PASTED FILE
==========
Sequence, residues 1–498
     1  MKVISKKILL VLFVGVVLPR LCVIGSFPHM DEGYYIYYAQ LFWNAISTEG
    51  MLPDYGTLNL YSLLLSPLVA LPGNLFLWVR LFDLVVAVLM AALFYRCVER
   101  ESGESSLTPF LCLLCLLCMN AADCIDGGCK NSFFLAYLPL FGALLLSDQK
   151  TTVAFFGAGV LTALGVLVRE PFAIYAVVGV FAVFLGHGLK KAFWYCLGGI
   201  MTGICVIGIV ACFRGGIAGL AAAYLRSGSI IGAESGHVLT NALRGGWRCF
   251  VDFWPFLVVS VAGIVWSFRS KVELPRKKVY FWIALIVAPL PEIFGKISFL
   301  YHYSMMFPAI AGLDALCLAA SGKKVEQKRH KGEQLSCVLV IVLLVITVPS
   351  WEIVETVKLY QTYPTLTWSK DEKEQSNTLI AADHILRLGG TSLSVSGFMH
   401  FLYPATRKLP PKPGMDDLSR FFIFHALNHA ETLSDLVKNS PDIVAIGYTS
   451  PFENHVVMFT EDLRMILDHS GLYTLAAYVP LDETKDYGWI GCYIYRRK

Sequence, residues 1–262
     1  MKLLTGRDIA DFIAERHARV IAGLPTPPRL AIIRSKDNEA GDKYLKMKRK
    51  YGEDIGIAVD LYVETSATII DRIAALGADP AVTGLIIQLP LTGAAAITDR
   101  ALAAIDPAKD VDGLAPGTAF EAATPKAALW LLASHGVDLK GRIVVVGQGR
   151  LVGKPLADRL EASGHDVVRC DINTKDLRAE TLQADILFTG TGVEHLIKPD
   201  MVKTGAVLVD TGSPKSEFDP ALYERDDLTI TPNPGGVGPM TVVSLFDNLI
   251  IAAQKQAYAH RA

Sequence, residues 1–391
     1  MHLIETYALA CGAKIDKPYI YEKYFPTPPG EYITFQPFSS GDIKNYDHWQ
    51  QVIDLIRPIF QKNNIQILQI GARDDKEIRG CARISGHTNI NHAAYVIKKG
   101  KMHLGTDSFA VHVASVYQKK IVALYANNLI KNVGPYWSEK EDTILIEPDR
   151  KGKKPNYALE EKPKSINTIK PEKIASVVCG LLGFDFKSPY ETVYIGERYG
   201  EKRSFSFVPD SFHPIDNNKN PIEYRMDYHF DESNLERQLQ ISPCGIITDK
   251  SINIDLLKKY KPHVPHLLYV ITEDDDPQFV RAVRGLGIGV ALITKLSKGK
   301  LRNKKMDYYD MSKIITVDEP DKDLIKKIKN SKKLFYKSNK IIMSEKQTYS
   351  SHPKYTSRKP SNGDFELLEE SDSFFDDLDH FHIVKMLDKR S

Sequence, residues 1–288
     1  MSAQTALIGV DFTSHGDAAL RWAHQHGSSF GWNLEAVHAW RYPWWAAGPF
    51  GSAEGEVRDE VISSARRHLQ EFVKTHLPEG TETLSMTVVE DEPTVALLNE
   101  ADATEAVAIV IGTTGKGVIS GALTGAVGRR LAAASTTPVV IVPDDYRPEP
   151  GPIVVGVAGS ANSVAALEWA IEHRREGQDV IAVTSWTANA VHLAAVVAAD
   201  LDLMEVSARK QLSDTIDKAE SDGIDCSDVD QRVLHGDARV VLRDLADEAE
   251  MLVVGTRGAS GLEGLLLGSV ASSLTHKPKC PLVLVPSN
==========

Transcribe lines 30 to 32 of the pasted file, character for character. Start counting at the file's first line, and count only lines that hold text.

    51  GSAEGEVRDE VISSARRHLQ EFVKTHLPEG TETLSMTVVE DEPTVALLNE
   101  ADATEAVAIV IGTTGKGVIS GALTGAVGRR LAAASTTPVV IVPDDYRPEP
   151  GPIVVGVAGS ANSVAALEWA IEHRREGQDV IAVTSWTANA VHLAAVVAAD